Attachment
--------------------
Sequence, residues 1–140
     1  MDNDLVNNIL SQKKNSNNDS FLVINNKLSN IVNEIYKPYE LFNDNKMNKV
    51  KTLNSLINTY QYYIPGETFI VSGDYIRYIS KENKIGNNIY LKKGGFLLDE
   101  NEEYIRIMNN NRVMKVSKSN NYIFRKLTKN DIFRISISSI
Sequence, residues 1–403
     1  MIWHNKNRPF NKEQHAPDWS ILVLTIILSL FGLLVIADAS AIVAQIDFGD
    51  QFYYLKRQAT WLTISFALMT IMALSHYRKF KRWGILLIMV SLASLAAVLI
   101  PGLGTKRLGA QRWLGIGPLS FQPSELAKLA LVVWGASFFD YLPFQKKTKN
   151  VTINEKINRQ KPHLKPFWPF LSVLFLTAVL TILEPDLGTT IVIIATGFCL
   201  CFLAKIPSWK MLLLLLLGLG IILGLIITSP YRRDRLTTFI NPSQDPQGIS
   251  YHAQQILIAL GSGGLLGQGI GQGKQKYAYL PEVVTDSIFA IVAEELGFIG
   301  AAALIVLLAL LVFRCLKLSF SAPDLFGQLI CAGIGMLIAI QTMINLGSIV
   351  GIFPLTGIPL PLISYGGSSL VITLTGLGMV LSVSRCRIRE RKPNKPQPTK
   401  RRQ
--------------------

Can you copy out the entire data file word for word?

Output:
Sequence, residues 1–140
     1  MDNDLVNNIL SQKKNSNNDS FLVINNKLSN IVNEIYKPYE LFNDNKMNKV
    51  KTLNSLINTY QYYIPGETFI VSGDYIRYIS KENKIGNNIY LKKGGFLLDE
   101  NEEYIRIMNN NRVMKVSKSN NYIFRKLTKN DIFRISISSI
Sequence, residues 1–403
     1  MIWHNKNRPF NKEQHAPDWS ILVLTIILSL FGLLVIADAS AIVAQIDFGD
    51  QFYYLKRQAT WLTISFALMT IMALSHYRKF KRWGILLIMV SLASLAAVLI
   101  PGLGTKRLGA QRWLGIGPLS FQPSELAKLA LVVWGASFFD YLPFQKKTKN
   151  VTINEKINRQ KPHLKPFWPF LSVLFLTAVL TILEPDLGTT IVIIATGFCL
   201  CFLAKIPSWK MLLLLLLGLG IILGLIITSP YRRDRLTTFI NPSQDPQGIS
   251  YHAQQILIAL GSGGLLGQGI GQGKQKYAYL PEVVTDSIFA IVAEELGFIG
   301  AAALIVLLAL LVFRCLKLSF SAPDLFGQLI CAGIGMLIAI QTMINLGSIV
   351  GIFPLTGIPL PLISYGGSSL VITLTGLGMV LSVSRCRIRE RKPNKPQPTK
   401  RRQ